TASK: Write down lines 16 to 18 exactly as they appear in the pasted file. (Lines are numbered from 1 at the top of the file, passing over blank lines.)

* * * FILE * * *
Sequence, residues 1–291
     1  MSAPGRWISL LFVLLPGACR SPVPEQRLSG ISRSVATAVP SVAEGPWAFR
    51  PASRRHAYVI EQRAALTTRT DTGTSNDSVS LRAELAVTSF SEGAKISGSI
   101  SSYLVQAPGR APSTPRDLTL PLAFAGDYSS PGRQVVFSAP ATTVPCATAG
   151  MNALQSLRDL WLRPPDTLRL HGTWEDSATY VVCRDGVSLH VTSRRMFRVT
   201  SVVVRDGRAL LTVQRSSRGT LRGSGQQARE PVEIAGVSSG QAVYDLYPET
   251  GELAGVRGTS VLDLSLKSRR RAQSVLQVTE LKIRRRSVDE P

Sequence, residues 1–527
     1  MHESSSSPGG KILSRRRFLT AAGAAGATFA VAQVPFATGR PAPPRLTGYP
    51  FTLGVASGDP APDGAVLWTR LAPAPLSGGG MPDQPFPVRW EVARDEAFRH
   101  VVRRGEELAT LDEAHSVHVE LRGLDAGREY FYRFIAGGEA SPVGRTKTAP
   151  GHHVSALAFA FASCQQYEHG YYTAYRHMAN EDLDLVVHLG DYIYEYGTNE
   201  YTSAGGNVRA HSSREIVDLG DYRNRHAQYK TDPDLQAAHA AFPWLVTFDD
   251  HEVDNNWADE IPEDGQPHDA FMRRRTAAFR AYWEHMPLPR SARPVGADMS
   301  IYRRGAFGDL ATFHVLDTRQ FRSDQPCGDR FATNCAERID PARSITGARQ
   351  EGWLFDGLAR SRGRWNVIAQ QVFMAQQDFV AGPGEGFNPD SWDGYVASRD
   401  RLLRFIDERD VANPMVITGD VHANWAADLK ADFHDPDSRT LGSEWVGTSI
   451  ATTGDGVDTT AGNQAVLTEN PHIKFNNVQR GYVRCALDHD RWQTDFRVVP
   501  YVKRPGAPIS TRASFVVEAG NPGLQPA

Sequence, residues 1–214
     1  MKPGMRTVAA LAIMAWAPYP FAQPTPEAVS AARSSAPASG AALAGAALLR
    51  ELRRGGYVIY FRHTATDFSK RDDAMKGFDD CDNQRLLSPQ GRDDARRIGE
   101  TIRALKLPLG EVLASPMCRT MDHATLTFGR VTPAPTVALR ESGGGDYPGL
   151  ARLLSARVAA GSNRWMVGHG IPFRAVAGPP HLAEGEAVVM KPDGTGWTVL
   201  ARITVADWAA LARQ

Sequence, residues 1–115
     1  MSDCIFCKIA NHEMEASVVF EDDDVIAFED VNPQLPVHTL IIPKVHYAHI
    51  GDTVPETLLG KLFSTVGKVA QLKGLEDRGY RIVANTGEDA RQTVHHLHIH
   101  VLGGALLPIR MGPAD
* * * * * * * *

   351  EGWLFDGLAR SRGRWNVIAQ QVFMAQQDFV AGPGEGFNPD SWDGYVASRD
   401  RLLRFIDERD VANPMVITGD VHANWAADLK ADFHDPDSRT LGSEWVGTSI
   451  ATTGDGVDTT AGNQAVLTEN PHIKFNNVQR GYVRCALDHD RWQTDFRVVP